Looking at how junkily slow it ran on a top of the line machine using alot of unreleased technology from nVidia, I can sure believe it. A whopping 20-25 fps...wow.

TheZorch
22nd Jun 2004, 03:52 PM
You are forgetting a few things. Moore's Law is one of them. By 2006 most new PC on the market will be Athlon64 systems, of course this doesn't mean that everyone will have them, but I am saying that the systems that are top-of-the-line today will be low-end when 2006 rolls around. Also, it is likely that an OS that supports the 64-bit architeture of that processor will be available, and its likely that most people will upgrade eventually. All the new PC sold will have it, as usual. But, you never know what will happen.

UE3 engine is pretty interesting looking. I would like to see it in action in a real gaming environment instead of a tech demo.

Sir_Brizz
22nd Jun 2004, 03:59 PM
I imagine that this engine's development will stay ahead of the technology powering it for a while.

BlackDragon323
23rd Jun 2004, 11:58 PM
The "glow" of the walls and textures in Tron 2.0 is a feature of the engine that works only on Nvidia cards (that's according to the developers in an interview on G4 I saw once).




ACK! is this true? I was going to buy the game next week, and I have an ATI card!(X800XT PE). Does anyone with an ATI card have this game? It isn't TRON without the "glow"!!!!

Somebody, anybody???

TheZorch
24th Jun 2004, 12:03 AM
Don't worry. The game does the glow in hardware on the latest Nvidia cards. On other cards it does it in software, so it will require more CPU cycles. The game does look good though. Its a shame they didn't use the UT2k3/2k4 engine so there would be more of a chance of the Mod Community developing maps and mods for it.

BlackDragon323
24th Jun 2004, 01:32 AM
Great! I guess I should have no problem running it with that beast of a card...
:D

I hadn't bought it yet, cuz I'm getting my very first PC next month(I bought the UT2k4 S.E. back in March!!)

I believe the TRON 2.0 site says something about maps and such.

thanks for the info.!

warduke
16th Oct 2004, 10:11 AM
@ TheZorch


You are kinda a dumbarse heh.

There are three big game engine companies in the FPS market. These same three are also the ones that keep pushing the limits of 3D. They are in order as follows.

1) id software
2) unreal
3) monolith


Each has been bringing stuff to the table for years.

Say what you will about unreal being better then id. It still wont be true. Unreal boys always follow behind id software. Maybe it's because id pretty much wrote the book on 3d gaming. id software brought us the first truely 3d gaming environment. Unreal brought us the first use of animated effects. Monolith gave us reflective surfaces and motion waves.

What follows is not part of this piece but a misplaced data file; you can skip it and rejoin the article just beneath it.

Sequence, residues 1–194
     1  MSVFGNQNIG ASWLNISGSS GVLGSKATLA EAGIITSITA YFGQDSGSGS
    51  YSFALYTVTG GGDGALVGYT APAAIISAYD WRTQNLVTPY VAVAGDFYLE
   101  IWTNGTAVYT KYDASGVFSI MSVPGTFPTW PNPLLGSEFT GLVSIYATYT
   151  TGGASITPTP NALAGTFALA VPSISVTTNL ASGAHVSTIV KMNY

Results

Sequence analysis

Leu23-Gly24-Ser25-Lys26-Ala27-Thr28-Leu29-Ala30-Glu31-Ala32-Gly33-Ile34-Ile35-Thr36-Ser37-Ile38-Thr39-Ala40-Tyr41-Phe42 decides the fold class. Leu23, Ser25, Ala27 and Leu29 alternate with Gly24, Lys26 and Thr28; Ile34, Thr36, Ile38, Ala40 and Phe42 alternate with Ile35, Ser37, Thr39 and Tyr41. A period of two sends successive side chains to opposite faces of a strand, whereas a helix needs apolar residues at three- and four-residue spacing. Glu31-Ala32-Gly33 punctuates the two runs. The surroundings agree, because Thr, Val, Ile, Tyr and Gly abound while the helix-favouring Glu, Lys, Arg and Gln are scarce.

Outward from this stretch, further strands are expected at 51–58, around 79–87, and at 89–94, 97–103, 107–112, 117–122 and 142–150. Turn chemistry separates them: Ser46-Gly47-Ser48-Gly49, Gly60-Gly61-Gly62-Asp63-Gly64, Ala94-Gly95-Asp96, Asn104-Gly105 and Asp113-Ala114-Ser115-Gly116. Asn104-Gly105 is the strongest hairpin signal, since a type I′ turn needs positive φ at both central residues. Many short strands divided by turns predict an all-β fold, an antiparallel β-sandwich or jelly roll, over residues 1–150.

Why on God's green earth would a game engine company (Monolith) go and use another companys (unreal) engine to build thier game?

That makes ZERO sense to me...




SIDENOTE: Blood2 and AvP2 are not the same engine. Blood2 shares the same engine with Shogo MAD which is Lith 1.0 and AvP2 uses Lith 2.0. There is a good four years between these two engine builds...

Just thought you should know...

Sir_Brizz
16th Oct 2004, 11:54 AM
So tell me, oh great one. What has the id Software team done that Epic hasn't already??

Monolith's engine have always been a generation behind. They have been bringing one "cool" feature to the engine every build and leaving the rest the same as it was. id brought us raytracing and BSP, the first falsely "true" 3D world. By the time Quake 2 came out (the first entirely truly 3D game) Unreal was coming out, which had 10 times the feature set that Quake 2 had and looked as much better. If anything I would say Epic has always been 2 steps ahead in technology, but one step behind in the market. i.e. they have an engine that looks tons better than Doom 3's engine right now, but they don't have a game on the market using it yet.

warduke
16th Oct 2004, 06:17 PM
the unreal engine u are talking about is not even done yet. they have stated it themselves. hell, they said it in one of the videos on it.

i am not saying the unreal guys cannot make an engine. they are damn good at it.

All I WAS saying is that is was stupid to tell one company that builds engines to go use some other companies...


the id vs unreal is something that will most likely go on forever. like the current ps2 vs xbox. compairing one item to another one that comes out a year later. That is kinda lame.

#1 you kinda owe id software some props for making gaming what it is today. without them I doubt UT games would be as big as they are.

#2 I don't think unreal has ever released a brand new engine till after id releases thiers. there is a reason for that you know...

#3 monolith makes solid and clean engines that can handle most jobs required of it without to many problems.




the ranking of 1)id 2)unreal 3) monolith is in that order for a reason.

id software is like our elvis. no matter how good someone else gets they can never be the king.

unreal is like micheal jackson(80's not current lol). as big as he was he could only be the prince of pop. though his fan base is way larger then elvis' ever was.

monolith is our carrot top. you just can't help but stare at it...

Sir_Brizz
17th Oct 2004, 06:03 PM
I disagree because the quality that has come out of id is severely lacking. The UEngine 2.5 can do just about anything that id's engine can do. Obviously in terms of texturing and optical illusions Doom has gone past uengine 2.5, but that doesn't matter. The bulk of what is done in Doom 3 is already possible even though it hasn't really been utilized yet. Deus Ex 2 already had excellent shadows. Thief 3, Tribes: V. The reason it is not widely used is because of the drain on the graphics card, that is already hurting. Doom3 proves this. The game is released far before there are computers that can run it. And my guess is that UEngine 3 will be the nail in id's coffin (especially with Carmack saying he is going to leave). UE3 already looks at least twice as good as the engine for Doom 3. And we won't see another out of id until Quake 4, which will probably not be a huge jump over the technology of Doom3. Carmack doesn't think that video game graphics are going to improve much anymore. If you don't believe me, read Masters of Doom.

Yes, id is like Elvis, and they have already OD'd and are about to "die".